For example, my nondenominational wedding ceremonies have included beautiful and powerful symbols of the Jewish faith (Chuppah, Breaking the Glass); Black heritage (Jumping the Broom); Persian culture (the Sofreh Aghd); and support of Chinese tradition (offering the ‘Western’ ceremony after the morning Chinese Tea Ceremony), to name a few; or crafting language appropriately to honor same-sex couples.

I have been an activist since I was a teenager, canvassing for presidential campaigns even before I could vote. My activism has been more focused in some years than others.

As a white, hetero, cisgender woman, I recognize my responsibility to do the challenging inner work of rejecting the story I was given – the story of white supremacy and privilege. I reject that story and look to working with social justice leaders and community in crafting a beautiful society where all are truly equal, all feel heard and seen, all feel like their country is indeed a place to call home.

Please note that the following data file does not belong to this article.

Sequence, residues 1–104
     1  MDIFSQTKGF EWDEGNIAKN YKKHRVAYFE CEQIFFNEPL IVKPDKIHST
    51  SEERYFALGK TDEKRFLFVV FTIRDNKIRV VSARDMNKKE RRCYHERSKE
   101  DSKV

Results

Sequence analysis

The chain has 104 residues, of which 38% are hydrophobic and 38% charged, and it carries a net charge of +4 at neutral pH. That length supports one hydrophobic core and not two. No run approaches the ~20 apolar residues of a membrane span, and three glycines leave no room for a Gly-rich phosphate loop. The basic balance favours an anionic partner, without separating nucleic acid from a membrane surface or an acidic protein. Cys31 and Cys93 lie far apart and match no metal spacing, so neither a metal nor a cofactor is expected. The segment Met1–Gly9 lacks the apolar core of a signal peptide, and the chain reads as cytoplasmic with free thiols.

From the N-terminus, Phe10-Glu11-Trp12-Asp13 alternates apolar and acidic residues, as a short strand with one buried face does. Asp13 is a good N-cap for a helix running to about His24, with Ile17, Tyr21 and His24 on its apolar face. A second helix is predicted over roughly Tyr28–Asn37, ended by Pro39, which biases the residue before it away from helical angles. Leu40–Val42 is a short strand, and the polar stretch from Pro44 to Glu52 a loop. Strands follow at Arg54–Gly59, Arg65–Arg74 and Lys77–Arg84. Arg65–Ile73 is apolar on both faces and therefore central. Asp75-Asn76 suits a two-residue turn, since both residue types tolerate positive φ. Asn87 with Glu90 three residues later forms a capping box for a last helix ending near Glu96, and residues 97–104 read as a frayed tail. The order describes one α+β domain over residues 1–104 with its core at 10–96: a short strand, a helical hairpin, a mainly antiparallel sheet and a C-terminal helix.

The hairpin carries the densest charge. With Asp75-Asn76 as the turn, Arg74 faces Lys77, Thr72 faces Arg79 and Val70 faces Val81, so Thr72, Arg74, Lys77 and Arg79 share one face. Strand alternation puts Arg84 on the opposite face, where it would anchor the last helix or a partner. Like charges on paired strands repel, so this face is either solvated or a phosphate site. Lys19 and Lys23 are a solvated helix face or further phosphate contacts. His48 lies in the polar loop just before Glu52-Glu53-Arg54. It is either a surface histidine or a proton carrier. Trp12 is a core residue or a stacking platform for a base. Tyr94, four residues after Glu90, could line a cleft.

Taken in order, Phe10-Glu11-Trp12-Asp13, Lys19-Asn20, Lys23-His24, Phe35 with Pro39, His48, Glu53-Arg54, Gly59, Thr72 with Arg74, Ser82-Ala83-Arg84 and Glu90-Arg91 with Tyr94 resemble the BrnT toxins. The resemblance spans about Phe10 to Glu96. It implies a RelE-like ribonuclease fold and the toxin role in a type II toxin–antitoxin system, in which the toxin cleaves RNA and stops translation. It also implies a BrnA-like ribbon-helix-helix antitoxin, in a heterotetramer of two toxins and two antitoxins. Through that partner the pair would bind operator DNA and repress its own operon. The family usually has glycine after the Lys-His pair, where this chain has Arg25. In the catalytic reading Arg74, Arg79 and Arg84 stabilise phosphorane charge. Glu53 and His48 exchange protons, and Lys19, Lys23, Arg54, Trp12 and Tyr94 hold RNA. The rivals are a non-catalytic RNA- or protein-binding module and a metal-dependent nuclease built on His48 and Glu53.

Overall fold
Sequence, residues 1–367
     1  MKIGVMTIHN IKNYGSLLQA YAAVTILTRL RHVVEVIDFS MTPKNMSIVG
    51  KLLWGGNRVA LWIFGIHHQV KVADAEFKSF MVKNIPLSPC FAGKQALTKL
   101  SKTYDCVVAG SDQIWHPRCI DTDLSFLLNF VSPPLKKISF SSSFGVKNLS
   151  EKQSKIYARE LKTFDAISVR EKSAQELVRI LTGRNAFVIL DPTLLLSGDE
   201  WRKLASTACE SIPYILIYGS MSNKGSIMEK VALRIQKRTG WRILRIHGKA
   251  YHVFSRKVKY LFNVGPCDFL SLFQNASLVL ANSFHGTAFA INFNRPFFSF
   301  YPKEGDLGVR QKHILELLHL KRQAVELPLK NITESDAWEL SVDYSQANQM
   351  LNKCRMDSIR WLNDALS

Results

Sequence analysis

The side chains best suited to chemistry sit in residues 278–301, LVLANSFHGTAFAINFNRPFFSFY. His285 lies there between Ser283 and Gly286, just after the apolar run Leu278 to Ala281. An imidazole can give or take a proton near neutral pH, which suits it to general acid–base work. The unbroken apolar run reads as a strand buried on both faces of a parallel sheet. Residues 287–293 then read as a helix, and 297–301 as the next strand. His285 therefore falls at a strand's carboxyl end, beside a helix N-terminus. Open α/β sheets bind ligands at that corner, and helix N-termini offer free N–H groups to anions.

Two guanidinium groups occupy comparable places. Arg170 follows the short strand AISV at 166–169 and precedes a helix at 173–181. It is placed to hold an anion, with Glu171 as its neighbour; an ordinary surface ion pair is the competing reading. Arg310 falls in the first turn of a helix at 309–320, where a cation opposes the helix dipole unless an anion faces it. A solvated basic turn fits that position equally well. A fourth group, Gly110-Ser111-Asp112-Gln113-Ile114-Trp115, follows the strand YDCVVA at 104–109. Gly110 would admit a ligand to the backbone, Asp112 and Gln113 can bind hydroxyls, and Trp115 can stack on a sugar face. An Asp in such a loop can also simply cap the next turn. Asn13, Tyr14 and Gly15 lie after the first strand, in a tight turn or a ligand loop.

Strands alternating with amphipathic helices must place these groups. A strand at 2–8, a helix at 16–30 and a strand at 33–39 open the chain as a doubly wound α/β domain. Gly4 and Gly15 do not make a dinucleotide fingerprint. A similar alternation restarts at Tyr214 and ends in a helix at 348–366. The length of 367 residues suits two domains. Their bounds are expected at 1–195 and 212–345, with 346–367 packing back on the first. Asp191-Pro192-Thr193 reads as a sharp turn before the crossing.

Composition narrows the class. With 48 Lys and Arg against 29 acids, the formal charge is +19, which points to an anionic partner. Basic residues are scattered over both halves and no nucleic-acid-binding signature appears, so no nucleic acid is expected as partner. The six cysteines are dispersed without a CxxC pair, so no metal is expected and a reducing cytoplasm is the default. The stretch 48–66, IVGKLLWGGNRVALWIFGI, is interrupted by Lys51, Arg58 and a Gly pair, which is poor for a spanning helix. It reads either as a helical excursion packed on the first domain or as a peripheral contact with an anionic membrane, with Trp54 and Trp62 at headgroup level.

My commitment is to continue to actively do the inner work so that I can truly stand as an ally deeply committed to activism promoting equality for all.
I continue to learn, and I will always listen.

These are just a few of the organizations I support, either through donations, volunteer work, reading, or simply spreading the word:

Black Lives Matter blacklivesmatter.com
Movement for Black Lives m4bl.org
Life After Hate lifeafterhate.org
The Equality Institute theequalityinstitute.com
SURJ showingupforracialjustice.org
ACLU aclu.org

Gov. Newsom signed Executive Order as of April 30, 2020 to allow for legal wedding ceremony via videoconferencing.

Visit the San Diego County Clerk’s site for more information. Be sure to check it frequently as it changes:


I will be happy to discuss options for officiating your wedding ceremony in this manner. Even virtually, sharing your vows can still be special and sacred.

Gayle Feallock
Nondenominational Officiant


The San Diego County Clerks office is offering new options to obtain your marriage license.

Visit the site for more information: Marriage License

license info